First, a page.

By: Louis Magidson and Scott Roberts
Since the Marihuana Tax Act of 1937, which sought to stymie the entire hemp industry through excessive taxation in fear that industrial hemp would replace paper, industrial hemp has spent the past few decades as a restricted agricultural product. These tax restrictions were later superseded when the entire hemp plant was designated as a controlled substance under the Controlled Substance Act of 1970 (CSA). The CSA lumped industrial hemp together with consumable cannabis as a Schedule I drug with no medical use and a high potential for abuse, essentially killing the United State’s hemp industry for decades to come.
Prior to these regulations, industrial hemp enjoyed a wide commercial use in many different products as a more sustainable paper substitute. Now that Michigan has authorized its own hemp program under the farm bill, and hemp is legal to grow and process once again, there are a myriad of potential applications and uses for Michigan hemp ranging from auto industry to plastic and paper substitutes.
Industrial hemp is distinguished from recreational or medical grade cannabis when it has a delta-9 tetrahydrocannabinol (THC) concentration of 0.3% or less. This concentration level was determined to not have a reaction within the human body. However, the most recent and final USDA rule on industrial hemp serves as a positive sign for Michigan industrial hemp attorneys and the entire industry as a whole, as it allows a grace range of up to 1% THC for a cultivator to avoid negligent violation.
The renewed treatment of industrial hemp as an agricultural product for commercial use has intrigued many industry stakeholders due to its viability as a food product. The general trend of loosening restrictions bodes equally well for industrial hemp cultivators seeking to compete with paper products as well as the industrial hemp cultivators seeking to produce the next “superfood”. Nevertheless, the Michigan Department of Agriculture and Rural Development (MDARD) wants to correct the misconceptions about the use of hemp in food and dairy products in the wake of the cannabidiol (CBD) product craze sweeping the US without approval of the Food and Drug Administration.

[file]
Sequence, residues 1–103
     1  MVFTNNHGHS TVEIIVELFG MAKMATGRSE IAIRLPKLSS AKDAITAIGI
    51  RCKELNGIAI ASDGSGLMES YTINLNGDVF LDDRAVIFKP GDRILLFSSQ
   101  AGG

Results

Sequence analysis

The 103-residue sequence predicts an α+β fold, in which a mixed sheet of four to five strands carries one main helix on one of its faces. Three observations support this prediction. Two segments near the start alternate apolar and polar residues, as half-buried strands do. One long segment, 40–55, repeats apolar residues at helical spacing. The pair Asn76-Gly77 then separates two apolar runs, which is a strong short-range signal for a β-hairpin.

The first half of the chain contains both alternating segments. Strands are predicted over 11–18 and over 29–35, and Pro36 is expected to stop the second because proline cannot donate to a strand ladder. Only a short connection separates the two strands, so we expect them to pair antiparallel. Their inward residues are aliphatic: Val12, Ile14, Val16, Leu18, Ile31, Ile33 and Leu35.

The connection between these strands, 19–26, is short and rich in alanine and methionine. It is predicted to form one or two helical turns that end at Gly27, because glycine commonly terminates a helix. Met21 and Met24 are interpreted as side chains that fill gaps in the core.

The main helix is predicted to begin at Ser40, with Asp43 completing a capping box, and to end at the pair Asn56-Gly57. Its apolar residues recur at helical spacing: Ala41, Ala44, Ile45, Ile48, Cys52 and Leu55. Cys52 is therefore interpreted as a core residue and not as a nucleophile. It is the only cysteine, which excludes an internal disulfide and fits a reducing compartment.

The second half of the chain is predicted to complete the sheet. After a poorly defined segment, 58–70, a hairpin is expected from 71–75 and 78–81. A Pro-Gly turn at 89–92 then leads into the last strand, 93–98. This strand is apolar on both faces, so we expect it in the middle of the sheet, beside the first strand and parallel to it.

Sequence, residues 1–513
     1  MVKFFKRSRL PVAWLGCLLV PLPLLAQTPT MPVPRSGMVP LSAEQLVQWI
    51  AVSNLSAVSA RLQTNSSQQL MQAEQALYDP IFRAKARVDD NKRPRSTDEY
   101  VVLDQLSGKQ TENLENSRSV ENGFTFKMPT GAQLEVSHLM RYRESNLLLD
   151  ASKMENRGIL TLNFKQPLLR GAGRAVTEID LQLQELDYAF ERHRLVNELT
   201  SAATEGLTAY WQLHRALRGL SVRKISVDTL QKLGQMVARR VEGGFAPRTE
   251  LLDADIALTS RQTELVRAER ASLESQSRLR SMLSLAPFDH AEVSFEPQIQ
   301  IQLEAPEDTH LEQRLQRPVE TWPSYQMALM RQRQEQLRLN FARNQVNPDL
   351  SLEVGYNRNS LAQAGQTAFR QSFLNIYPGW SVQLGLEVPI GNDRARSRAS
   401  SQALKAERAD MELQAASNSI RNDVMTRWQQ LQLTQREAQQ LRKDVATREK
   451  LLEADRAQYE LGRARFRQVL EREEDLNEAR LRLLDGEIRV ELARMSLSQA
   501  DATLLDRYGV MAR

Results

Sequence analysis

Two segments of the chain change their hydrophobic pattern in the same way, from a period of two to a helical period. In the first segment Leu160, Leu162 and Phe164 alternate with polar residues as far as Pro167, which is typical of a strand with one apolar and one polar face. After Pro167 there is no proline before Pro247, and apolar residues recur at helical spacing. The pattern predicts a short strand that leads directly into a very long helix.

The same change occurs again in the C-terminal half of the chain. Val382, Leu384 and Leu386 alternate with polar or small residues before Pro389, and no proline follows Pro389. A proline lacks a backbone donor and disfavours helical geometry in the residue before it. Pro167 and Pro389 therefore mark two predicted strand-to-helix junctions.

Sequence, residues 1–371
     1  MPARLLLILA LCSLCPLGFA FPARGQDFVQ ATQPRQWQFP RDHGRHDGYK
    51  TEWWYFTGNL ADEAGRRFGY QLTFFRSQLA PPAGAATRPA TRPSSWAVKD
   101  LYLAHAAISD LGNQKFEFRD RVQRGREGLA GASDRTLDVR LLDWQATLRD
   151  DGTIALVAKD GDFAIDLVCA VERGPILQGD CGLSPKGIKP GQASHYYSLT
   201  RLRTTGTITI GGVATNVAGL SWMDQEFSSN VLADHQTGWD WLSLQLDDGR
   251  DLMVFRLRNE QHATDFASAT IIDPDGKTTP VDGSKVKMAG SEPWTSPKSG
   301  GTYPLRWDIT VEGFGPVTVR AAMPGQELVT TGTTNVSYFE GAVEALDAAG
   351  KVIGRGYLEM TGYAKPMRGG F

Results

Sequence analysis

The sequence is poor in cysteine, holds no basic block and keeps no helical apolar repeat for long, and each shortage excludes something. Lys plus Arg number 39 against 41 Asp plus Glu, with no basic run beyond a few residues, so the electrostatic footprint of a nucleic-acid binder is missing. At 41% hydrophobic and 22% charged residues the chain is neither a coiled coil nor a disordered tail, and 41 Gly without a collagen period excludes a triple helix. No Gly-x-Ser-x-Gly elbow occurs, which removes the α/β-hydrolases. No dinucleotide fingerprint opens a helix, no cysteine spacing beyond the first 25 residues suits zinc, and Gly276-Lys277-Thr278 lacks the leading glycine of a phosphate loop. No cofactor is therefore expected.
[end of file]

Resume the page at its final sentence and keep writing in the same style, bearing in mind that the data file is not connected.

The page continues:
Use of industrial hemp in food and dairy products falls under the regulations of the FDA, which are enforced in Michigan by the Food and Dairy Division (FDD) within MDARD. Recently the FDA chose to advance three hemp seed derived products to generally recognized as safe (GRAS) status, which allows the use of such a product in food items without extra premarket review be the FDA. Michigan hemp attorneys should recognize these products: hulled hemp seed, hemp seed protein powder, and hemp seed oil, as they are generally free of both THC and CBD and are therefore designated as GRAS and approved for use in food products. This designation means that these industrial hemp products are considered a food product subject to all FDA, Food Safety Modernization Act, and Michigan Food Law requirements, but otherwise free from previous CSA restrictions.
Industrial hemp stakeholders seeking to enter the food and dairy product realm only need to acquire the correct specified licensing to produce hemp as any other agricultural product and use the approved seed derived substances as any other food additive with a GRAS designation from the FDA. The global industrial hemp seed market is set to rapidly increase in size following this designation for use in food and beverage products and an overall modern gravitation towards alternative ingredients and perceived “superfoods.” Through the sales of hemp seeds, hulled seeds, protein powder, and seed oil forms, the market grew to $710.7 million as of 2019, with projections of up to $1,634.6 million by 2027.
Industrial hemp represents a viable substitute for many consumer-based products with economic and environmental advantages over its plastic and paper competitors. With the additional designation as a GRAS product and approved use in food products, the Michigan hemp industry is poised to experience booming growth in the coming years, and not just from high CBD hemp.